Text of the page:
Bishop Peter Chukwu’s Coat of Arms

While the Episcopal motto of a Bishop points to his personal area of interest in line with his dispositions for the apostolate, his Coat of Arms symbolically explains his duties as enunciated by the requirements of the Episcopal office.

Below are the explanations of both the personal motto of Bishop Peter Nworie Chukwu and the content of his Coat of Arms.


Under the Coat of Arms of Bishop Peter Chukwu is the motto: TOTUS TUUS EGO SUM (I am totally yours). This is derived from the words of consecration TOTUS TUUS EGO SUM ET OMNIA MEA TUA SUNT (I am totally yours and all I have is yours) by St.  Louis de Montfort. Bishop Peter Chukwu has by these words expressed his resolve to offer and dedicate himself entirely to the Blessed Virgin Mary and to Our Lord Jesus Christ. By choosing this as his episcopal motto, he also, in a secondary sense, tells the priests, religious and laity of the Catholic Diocese of Abakaliki: “I AM TOTALLY YOURS.”


The cap represents the two caps worn by the Pope, Cardinals, Bishops and Abbots known as the Mitre and the Skull cap. The cap on the Coat of Arms signifies protection and crown. The green colour of the cap indicates of the green vegetation enjoyed by the territorial space of the Catholic Diocese of Abakaliki and the sacredness of the life therein.


In Bishop Peter Chukwu’s Coat of Arms, the green cord is woven into the cap. The cord here resembles the cincture worn by priests while celebrating mass. The cincture is a symbol of chastity which is an important virtue in the priestly life. He uses the green cord to remind himself that his resolve to maintain chastity should be evergreen in his life and ministry as a Bishop.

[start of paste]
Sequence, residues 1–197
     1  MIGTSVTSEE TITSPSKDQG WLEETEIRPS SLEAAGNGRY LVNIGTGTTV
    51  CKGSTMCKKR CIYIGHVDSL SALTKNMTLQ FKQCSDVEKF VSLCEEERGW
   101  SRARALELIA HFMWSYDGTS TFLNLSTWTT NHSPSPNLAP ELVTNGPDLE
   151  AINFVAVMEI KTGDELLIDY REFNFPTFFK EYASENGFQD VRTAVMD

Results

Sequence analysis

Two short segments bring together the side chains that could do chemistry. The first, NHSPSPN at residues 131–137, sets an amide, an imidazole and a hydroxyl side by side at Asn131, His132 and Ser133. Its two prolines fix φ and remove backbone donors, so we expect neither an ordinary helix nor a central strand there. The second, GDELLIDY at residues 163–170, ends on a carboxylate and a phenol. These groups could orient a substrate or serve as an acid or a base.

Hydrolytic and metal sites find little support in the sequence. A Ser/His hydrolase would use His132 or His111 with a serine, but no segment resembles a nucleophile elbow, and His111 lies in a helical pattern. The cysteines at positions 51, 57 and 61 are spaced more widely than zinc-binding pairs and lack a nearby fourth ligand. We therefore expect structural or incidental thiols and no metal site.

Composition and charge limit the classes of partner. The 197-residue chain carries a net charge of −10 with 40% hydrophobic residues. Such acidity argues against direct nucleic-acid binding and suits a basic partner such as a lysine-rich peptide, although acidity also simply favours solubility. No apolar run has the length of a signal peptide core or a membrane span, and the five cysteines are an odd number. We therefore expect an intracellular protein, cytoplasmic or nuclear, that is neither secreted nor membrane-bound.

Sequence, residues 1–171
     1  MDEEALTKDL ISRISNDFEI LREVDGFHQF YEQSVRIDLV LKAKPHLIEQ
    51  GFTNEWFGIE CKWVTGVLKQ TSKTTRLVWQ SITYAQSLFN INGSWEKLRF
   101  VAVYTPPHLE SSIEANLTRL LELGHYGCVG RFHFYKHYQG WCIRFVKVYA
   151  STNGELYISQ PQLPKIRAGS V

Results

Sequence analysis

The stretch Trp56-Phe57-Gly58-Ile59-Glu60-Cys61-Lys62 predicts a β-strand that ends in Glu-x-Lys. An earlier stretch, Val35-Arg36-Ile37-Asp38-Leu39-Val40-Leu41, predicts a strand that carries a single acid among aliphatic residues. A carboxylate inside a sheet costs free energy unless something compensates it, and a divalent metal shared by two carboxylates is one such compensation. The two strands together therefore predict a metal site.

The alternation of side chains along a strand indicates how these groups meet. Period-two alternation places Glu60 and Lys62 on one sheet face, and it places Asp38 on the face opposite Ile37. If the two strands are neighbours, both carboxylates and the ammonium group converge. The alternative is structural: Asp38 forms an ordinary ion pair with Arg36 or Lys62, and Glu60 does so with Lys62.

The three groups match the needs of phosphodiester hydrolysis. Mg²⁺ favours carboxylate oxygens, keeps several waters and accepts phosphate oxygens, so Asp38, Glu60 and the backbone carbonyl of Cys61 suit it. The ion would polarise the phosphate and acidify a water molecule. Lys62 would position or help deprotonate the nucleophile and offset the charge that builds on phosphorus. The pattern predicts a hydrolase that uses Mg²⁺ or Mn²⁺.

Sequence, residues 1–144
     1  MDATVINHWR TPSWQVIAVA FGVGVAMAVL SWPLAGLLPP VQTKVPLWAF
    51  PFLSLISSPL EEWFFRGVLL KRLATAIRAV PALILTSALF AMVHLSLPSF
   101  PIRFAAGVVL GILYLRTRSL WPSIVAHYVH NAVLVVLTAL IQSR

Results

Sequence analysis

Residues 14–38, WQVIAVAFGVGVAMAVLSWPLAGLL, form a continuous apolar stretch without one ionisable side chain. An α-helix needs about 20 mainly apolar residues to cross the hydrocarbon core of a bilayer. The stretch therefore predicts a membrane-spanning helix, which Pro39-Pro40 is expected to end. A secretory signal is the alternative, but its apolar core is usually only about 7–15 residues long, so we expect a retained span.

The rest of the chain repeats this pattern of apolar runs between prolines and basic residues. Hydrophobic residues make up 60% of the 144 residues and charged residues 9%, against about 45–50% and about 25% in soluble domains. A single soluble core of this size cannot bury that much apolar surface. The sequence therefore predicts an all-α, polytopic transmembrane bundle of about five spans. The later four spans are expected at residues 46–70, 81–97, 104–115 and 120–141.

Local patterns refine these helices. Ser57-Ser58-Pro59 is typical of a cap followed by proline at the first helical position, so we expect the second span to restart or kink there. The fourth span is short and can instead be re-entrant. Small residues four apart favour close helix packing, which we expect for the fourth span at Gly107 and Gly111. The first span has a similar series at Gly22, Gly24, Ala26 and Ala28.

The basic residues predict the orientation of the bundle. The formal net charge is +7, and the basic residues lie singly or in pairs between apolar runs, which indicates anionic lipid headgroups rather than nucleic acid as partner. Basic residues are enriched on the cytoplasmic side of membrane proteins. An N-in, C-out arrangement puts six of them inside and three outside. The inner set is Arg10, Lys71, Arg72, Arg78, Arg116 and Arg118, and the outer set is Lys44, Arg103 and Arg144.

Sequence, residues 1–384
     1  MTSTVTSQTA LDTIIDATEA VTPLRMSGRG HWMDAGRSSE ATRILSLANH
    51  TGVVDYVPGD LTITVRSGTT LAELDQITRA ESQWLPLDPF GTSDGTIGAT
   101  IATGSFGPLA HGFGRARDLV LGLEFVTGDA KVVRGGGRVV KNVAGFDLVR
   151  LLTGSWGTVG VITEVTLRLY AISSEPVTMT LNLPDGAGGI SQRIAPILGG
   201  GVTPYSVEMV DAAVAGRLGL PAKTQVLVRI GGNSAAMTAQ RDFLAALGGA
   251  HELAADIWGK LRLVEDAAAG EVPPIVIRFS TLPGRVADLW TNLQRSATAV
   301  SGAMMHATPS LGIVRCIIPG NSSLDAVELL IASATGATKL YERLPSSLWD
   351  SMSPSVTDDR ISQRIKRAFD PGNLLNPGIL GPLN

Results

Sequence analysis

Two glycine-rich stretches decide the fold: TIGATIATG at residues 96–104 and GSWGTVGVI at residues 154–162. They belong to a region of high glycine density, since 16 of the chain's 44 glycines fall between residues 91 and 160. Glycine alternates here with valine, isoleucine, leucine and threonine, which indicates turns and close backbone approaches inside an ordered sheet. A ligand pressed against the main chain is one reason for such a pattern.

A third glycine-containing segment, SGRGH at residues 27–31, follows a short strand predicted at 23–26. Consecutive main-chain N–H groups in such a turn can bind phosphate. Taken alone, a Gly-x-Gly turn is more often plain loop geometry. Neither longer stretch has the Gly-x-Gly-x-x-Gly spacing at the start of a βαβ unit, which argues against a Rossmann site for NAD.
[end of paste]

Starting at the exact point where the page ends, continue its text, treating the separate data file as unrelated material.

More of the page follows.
The cross is a symbol of our salvation and our acceptance of our Lord Jesus Christ. The five red dots signify the five wounds of Jesus Christ on the cross evidently affixed on the Paschal Candle on Holy Saturday.

Bishop Peter Chukwu acknowledges the cross as a source of victory and healing bearing in mind that without the cross, there is no crown. The cross here, though a sign of suffering, is shown from the handle of a sword. The sword is a weapon of warfare. In fighting the battle against principalities and powers (Eph 6:12), the victorious cross is a ready armor.


In the Coat of Arms of Bishop Peter Chukwu is the symbol of the Sacred Heart of Jesus. The heart of Jesus is the heart of Love and Compassion. By consecrating himself to the heart of Jesus, Bishop Peter Chukwu chooses in a more precise manner to act in persona Christi Capitis.


The consecration of Bishop Peter to the Immaculate Heart of Mary is shown with with this symbol. He enjoys the protection of the Blessed Virgin Mary while, at the same time, embracing the brokenness that accompanies the heart pierced with sword (Luke 2:35)

The symbol of the Lamb with a flag in Bishop Peter Chukwu’s Coat of Arms is to remind himself that he is not just a priest or Bishop but also a lamb of sacrifice, a co-victim with Christ. The idea of victimhood is meant to help him accept without complaints, the crosses and difficulties of the episcopate. He is  assured of a share in the victory of Christ for as many as share in his suffering, will share in his glory (1Peter 4:13).